Gerardo Simari and V.S. Subrahmanian. Abductive Inference in Probabilistic Logic Programs. In Technical Communications of the 26th International Conference on Logic Programming. Leibniz International Proceedings in Informatics (LIPIcs), Volume 7, pp. 192-201, Schloss Dagstuhl – Leibniz-Zentrum für Informatik (2010)

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@InProceedings{simari_et_al:LIPIcs.ICLP.2010.192, author = {Simari, Gerardo and Subrahmanian, V.S.}, title = {{Abductive Inference in Probabilistic Logic Programs}}, booktitle = {Technical Communications of the 26th International Conference on Logic Programming}, pages = {192--201}, series = {Leibniz International Proceedings in Informatics (LIPIcs)}, ISBN = {978-3-939897-17-0}, ISSN = {1868-8969}, year = {2010}, volume = {7}, editor = {Hermenegildo, Manuel and Schaub, Torsten}, publisher = {Schloss Dagstuhl -- Leibniz-Zentrum f{\"u}r Informatik}, address = {Dagstuhl, Germany}, URL = {https://drops.dagstuhl.de/entities/document/10.4230/LIPIcs.ICLP.2010.192}, URN = {urn:nbn:de:0030-drops-25971}, doi = {10.4230/LIPIcs.ICLP.2010.192}, annote = {Keywords: Probabilistic Logic Programming, Imprecise Probabilities, Abductive Inference} }

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**Published in:** LIPIcs, Volume 11, Technical Communications of the 27th International Conference on Logic Programming (ICLP'11) (2011)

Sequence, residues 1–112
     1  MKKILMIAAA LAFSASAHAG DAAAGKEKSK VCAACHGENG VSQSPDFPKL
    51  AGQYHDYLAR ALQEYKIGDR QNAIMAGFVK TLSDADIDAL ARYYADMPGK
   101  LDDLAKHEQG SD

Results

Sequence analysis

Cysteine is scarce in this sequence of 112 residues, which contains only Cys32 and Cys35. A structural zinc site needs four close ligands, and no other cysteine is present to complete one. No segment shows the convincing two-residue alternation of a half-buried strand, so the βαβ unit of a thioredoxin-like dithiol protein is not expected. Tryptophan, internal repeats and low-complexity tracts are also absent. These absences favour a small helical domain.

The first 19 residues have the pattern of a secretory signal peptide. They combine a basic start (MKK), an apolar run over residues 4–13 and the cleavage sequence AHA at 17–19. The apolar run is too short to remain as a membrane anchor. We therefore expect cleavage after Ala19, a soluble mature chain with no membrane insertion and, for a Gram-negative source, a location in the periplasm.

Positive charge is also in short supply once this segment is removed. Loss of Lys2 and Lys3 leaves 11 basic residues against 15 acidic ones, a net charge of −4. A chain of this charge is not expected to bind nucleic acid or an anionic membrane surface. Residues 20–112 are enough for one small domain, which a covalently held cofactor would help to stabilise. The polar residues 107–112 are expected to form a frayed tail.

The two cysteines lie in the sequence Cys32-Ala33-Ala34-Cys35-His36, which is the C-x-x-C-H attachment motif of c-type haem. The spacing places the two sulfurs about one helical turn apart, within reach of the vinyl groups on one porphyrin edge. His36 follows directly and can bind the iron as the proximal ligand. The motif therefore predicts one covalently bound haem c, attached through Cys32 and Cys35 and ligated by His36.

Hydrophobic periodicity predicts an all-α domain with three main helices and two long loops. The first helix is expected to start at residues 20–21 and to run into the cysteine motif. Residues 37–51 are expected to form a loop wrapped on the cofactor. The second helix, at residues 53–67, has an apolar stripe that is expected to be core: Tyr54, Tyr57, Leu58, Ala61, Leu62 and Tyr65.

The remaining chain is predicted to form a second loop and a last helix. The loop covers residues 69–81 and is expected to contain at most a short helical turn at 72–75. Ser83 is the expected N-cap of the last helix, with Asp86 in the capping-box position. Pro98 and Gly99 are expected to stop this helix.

Annotated Probabilistic Temporal (APT) logic programs are a form of logic programs that allow users to state (or systems to automatically learn)rules of the form ``formula G becomes true K time units after formula F became true with L to U% probability.''
In this paper, we develop a theory of abduction for APT logic programs. Specifically, given an APT logic program Pi, a set of formulas H that can be ``added'' to Pi, and a goal G, is there a subset S of H such that Pi \cup S is consistent and entails the goal G? In this paper, we study the complexity of the Basic APT Abduction Problem (BAAP). We then leverage a geometric characterization of BAAP to suggest a set of pruning strategies when solving BAAP and use these intuitions to develop a sound and complete algorithm.

Cristian Molinaro, Amy Sliva, and V. S. Subrahmanian. Abduction in Annotated Probabilistic Temporal Logic. In Technical Communications of the 27th International Conference on Logic Programming (ICLP'11). Leibniz International Proceedings in Informatics (LIPIcs), Volume 11, pp. 240-250, Schloss Dagstuhl – Leibniz-Zentrum für Informatik (2011)

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@InProceedings{molinaro_et_al:LIPIcs.ICLP.2011.240, author = {Molinaro, Cristian and Sliva, Amy and Subrahmanian, V. S.}, title = {{Abduction in Annotated Probabilistic Temporal Logic}}, booktitle = {Technical Communications of the 27th International Conference on Logic Programming (ICLP'11)}, pages = {240--250}, series = {Leibniz International Proceedings in Informatics (LIPIcs)}, ISBN = {978-3-939897-31-6}, ISSN = {1868-8969}, year = {2011}, volume = {11}, editor = {Gallagher, John P. and Gelfond, Michael}, publisher = {Schloss Dagstuhl -- Leibniz-Zentrum f{\"u}r Informatik}, address = {Dagstuhl, Germany}, URL = {https://drops.dagstuhl.de/entities/document/10.4230/LIPIcs.ICLP.2011.240}, URN = {urn:nbn:de:0030-drops-31697}, doi = {10.4230/LIPIcs.ICLP.2011.240}, annote = {Keywords: Probabilistic Reasoning, Imprecise Probabilities, Temporal Reasoning, Abductive Reasoning} }